I have a librarian friend new to social networking, but she gamely signed up for Facebook, just to see what it was all about. Last week she sent me this note: “Hey Beth– checking out your Facebook page (thanks for friending me 🙂 –btw) and noticed a message on your wall from KM. He was my son’s best friend in high school! I’m trying to guess your connection to him–perhaps comics? Neat guy!”

She was right on the money: comics, indeed. KM was a senior in high school when we met 5 years ago. When I was a YA librarian, he sent me an unsolicited email, asking me to be an advisor on his senior project on comic books — There was no MySpace or Facebook back then — he found me because I’d posted a webpage about my BWI/YALSA Collection Development Grant that I used to start a graphic novel collection. I learned as much about comics from him as he did from me. We’ve evolved from a mentor/mentee to peer relationship since, and usually go to a comic book spin-off movie once a year.

A couple of points:

  • It’s good to be accessible. I see a LOT of library homepages that don’t include the name or email address of the YA librarian.
  • Teens need adults that care about them to act as mentors and role models.
  • The YALSA/BWI Collection Development Grant is a great opportunity for materials growth and easy to apply for.
  • Applying for grants gets you more than just money.

Along the lines of this age thing, in my Pain in the Brain class, we’ve been having a really interesting discussion about RESPECT. It is assumed, or earned? Are people respected for their age, title, and status, or their experience, expertise, knowledge and skills? Someone mentioned the Internet as a great leveler — you don’t know someone’s age unless they volunteer it (or, you ask). It doesn’t feel strange to me to have friends that range from 24-54 — or to be friends with a mom, and someone who is the age of her child, as well. At ALA, in a session on millennials, I heard “They don’t want us in their space.” Do you agree, or disagree?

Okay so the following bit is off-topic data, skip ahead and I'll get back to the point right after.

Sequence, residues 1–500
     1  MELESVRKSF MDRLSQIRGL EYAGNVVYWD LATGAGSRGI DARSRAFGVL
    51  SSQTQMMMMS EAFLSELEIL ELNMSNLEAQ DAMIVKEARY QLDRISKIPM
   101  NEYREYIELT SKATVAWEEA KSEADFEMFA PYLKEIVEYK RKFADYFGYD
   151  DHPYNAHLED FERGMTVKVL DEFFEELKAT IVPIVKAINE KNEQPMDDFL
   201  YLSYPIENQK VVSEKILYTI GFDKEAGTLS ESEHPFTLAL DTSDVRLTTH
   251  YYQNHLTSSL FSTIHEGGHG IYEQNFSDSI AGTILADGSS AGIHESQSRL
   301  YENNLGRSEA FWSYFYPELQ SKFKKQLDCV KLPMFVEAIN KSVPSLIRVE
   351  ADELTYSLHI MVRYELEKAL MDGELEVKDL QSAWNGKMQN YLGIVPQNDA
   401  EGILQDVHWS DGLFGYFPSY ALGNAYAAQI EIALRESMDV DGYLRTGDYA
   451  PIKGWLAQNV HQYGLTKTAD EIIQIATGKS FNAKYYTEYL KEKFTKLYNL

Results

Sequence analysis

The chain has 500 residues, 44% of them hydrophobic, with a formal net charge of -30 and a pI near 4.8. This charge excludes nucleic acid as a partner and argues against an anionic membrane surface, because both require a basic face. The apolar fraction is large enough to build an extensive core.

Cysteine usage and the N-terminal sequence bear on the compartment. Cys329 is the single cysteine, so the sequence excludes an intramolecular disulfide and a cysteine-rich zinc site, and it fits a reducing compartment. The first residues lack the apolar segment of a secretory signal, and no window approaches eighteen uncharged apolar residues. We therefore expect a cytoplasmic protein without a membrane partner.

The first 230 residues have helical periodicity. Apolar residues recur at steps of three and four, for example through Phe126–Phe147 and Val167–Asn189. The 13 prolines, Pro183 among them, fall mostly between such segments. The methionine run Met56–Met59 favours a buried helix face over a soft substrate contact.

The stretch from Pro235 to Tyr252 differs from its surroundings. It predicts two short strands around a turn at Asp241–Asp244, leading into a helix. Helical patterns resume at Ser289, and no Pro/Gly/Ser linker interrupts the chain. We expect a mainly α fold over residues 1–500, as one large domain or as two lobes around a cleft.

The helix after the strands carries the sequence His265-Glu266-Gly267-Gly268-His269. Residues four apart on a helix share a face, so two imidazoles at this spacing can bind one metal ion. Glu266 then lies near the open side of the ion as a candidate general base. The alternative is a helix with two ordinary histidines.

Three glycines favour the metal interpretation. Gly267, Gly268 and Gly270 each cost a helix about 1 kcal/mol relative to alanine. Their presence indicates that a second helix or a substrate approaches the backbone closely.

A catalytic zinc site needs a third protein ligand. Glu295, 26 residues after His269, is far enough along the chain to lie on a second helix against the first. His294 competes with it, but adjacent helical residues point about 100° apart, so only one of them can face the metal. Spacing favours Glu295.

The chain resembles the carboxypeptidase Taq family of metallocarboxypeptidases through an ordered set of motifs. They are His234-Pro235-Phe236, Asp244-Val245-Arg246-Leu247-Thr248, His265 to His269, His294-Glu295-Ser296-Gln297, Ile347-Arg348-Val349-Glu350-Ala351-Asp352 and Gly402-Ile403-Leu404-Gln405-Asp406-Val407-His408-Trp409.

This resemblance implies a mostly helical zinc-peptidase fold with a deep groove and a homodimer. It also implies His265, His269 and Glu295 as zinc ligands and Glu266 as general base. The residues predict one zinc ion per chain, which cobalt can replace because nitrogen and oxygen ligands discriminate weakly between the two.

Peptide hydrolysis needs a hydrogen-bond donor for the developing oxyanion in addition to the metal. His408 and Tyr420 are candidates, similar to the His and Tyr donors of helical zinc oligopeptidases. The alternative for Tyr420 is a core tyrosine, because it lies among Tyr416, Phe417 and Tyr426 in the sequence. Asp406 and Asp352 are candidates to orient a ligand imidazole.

About Beth Gallaway

Beth Gallaway was named a Library Journal Mover & Shaker in 2006 for her work in advocating for videogames in libraries. She is an independent library trainer/consultant specializing in gaming, technology, and youth services, and is a YALSA certified Serving the Underserved (SUS) trainer.

3 Thoughts on “The Power of Social Networking

  1. Teens don’t want us to rule their space. Most like the idea that we provide information they want in a way that is easily delivered to them by having a page there. When you don’t have a way for teens to contact you, ask you questions and make suggestions, you be come irrelevant. The teens need a place to meet their needs. If you put effort into creating all of the features of Myspace in your library page great, otherwise creating a library profile is a free way to provide all those features.

    However I do wonder what message we send to teens when we create a library page in these places but are forced by government mandates to filter even the library’s profile page.

  2. I think that most kids don’t mind if we’re in “their” space as long as we don’t go invading it. While I know that most of my high school students have pages on myspace and facebook, I don’t go looking for them. I don’t befriend them and I have my page set to private because it’s my PERSONAL page. I have pictures on there that I don’t want anyone other than my friends seeing. The kids respect that. I tell them that if they want to be my friend when they are 21, they can look me up! But I don’t want to mix my social life with my professional life. My blog and website are for the kids to read and comment.

  3. Sara Douglas [Visitor] on July 13, 2007 at 4:30 am said:

    They don’t want us in their space? Sure they do! As long as we don’t just go barging in, they want us around. Like you said, it is good to be accessible. When I was growing up I literally knew no one from the age of 18 to about 35 years old; everyone I knew was either older or younger than that. The internet is a great place to be able to talk to people like that if you’re like me and grew up in the middle of nowhere where those people were either in college or off somewhere where there were better jobs. They want us to be around because they have lots of questions for us that are easier asked online than in person.

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